Wednesday, December 07, 2005

The Day The World Stood Still

The Day The World Stood Still
Stunt Records
Recorded April 2003

1. Not Sa No Sa
2. Flying in the Sky
3. Ghetto Echoes
4. Yesterday Tomorrow
5. Hermano Frere
6. Do To
7. When Peace Comes
8. 11/8
9. When the World Stays Still, Pt. 2


Staffan Svensson
; trumpet
Klaus Lohrer; bass trombone, tuba
Peter Fuglsang; alto sax, clarinet, bass clarinet
Thomas Agergaard; tenor sax, clarinet
Liudas Mockunas; soprano sax, baritone sax, clarinet, bass clarinet
Andrew Hill; piano and leader
Scott Colley; double bass
Nasheet Waits; drums
Special guest appearance on track 5 - Lenora Zenzalai Helm; vocal

The JAZZPAR prize is one of the world's largest and most prestigious jazz awards. It's been described as the 'Oscars of the jazz world', and is awarded annually to an international, currently active jazz artist who is deserving of further acclaim. The 2003 prize was won by American pianist, composer and bandleader Andrew Hill, who gave several performances as part of his acceptance of the prize. These concerts are documented on this CD in which Hill is heard with his American trio and 5 scandinavian horn players on 9 Hill compositions. Track 5 also features Lenora Helm on vocals (the +1 of the album's title).

Hill has been around as a leader since the 1960s, making his mark with a flurry of releases on the Blue Note label such as 'Point of Departure', which stands as one of the finest jazz releases of that decade, and, along with Eric Dolphy's 'Out To Lunch' (also on blue note), as one of the finest pieces of avant-garde jazz ever recorded.

The style of this music can best be described by a quote from Hill himself which graces the inner sleeve of the album;
"Always check out the rhythm - if it's static it means the music is dead."
We are firmly in avant-garde territory here (though the pieces are all tightly structured as compositions) as this quote would have you believe - and this music is certainly not dead - it's alive; twisting and crawling out of the mind and piano of Hill like a polyrhythmic snake slithering over a desert of regular rhythms. I say 'mind' first and 'piano' second on purpose - this is not a showcase for Hill's piano playing (excellent though it is) but for his compositions, which really get the best out of this young group.

The opening 'Not Sa No Sa' is a case in point, containing an enormous variety of moods and textures within it's 9 minutes. It opens like a demented post-bop demon - all wriggling horns and drumming that could be Clyde 'Funky Drummer' Stubblefield's evil twin - before finding it's focus through a series of ever more conventional horn solos. There's even a tune, coming in at around 4 minutes, at which point the rhythm section find the funk while still providing a backdrop to those ever-inventive horns. It all threatens to go wrong with a burst of bagpipe-like folkiness but fortunately this is one melodic idea that's not followed through to it's conclusion.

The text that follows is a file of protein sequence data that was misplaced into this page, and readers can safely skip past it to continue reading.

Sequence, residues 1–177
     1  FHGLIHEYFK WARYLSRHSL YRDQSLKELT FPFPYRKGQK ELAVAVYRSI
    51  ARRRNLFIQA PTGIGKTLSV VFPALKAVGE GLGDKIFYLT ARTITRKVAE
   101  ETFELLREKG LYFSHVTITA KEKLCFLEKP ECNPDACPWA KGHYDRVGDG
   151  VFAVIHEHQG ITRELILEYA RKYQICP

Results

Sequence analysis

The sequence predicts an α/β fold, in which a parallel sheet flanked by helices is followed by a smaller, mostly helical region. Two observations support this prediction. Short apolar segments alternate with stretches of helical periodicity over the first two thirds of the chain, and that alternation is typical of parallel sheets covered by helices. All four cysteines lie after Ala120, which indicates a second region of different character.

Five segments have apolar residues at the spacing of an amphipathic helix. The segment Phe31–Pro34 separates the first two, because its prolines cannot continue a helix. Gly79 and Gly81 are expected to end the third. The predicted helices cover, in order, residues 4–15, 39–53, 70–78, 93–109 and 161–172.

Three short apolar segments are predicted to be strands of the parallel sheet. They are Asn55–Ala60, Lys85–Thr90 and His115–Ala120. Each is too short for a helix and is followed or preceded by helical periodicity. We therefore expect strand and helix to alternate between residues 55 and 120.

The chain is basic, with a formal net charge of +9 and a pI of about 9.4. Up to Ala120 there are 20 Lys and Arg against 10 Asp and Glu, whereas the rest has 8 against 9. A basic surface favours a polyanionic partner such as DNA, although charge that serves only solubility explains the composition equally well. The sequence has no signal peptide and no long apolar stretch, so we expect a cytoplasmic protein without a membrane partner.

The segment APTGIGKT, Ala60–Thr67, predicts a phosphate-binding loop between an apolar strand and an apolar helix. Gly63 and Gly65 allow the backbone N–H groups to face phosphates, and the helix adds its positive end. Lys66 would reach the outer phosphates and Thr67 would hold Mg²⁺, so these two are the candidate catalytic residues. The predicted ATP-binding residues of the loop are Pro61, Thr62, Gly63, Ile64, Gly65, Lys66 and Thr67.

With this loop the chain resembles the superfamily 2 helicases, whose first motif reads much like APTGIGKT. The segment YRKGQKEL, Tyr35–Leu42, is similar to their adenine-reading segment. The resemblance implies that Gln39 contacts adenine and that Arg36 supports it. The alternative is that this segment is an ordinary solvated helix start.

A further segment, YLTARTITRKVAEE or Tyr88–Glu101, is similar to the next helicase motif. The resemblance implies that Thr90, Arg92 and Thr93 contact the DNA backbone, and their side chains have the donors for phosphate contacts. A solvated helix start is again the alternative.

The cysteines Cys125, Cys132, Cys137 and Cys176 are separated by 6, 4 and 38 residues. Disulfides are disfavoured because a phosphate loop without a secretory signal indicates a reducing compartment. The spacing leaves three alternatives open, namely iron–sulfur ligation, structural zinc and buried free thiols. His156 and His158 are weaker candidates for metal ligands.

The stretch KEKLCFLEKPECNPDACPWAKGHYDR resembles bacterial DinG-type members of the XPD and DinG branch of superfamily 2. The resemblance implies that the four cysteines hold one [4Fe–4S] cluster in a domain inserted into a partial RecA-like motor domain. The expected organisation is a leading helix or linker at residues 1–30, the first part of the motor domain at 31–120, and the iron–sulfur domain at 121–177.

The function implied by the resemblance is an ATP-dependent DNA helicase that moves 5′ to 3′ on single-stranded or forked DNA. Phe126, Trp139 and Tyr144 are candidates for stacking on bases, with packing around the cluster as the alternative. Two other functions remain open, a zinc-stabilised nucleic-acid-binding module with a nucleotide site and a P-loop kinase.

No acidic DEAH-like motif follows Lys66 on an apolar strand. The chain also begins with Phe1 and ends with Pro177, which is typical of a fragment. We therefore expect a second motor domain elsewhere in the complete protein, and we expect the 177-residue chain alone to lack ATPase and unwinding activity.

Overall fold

It's a breathless ride, all the way to the wrong side of 9 minutes, and really gives you a taste of the sort of music that's to come in the rest of the album. I have to be honest and say that this track really took me by surprise when I first heard it, so different was it from much of what the so-called 'elder statesmen' of jazz are doing nowadays. It did take a couple of listens to make sense of, though, so sit through it a couple of times, even if your initial reaction is 'Ouch!'.

'Flying in the Sky' is much more conventional in sound, coming over like a slightly drunken Ellington during the intro, then showcasing some of Hill's unique piano playing style. As is 'Hermano Frere' with it's straightahead vocal and latin rhythms, cut throughout with Hill's harmonically inventive comps on piano. '11/8' is presumably just that - i'm not enough of a musician to be able to say, but I can say that it has a killer bass intro that introduces a theme that's spread around the band, and just builds and builds, with Hill's support, to a remarkable peak of quiet intensity. 'Yesterday Tomorrow' is another standout track for the bass player, with a great lengthy introductory solo that leads to one of those beautiful circular themes that just hypnotise me.

The styles of the pieces may all be different, but the quality of playing is uniformly excellent; the young European horns the perfect foil for Hill's off-kilter style. Hill shows himself to be a worthy winner of the Jazzpar prize, as well as showing the other jazzmen of his generation how to inspire a new generation of players and composers.

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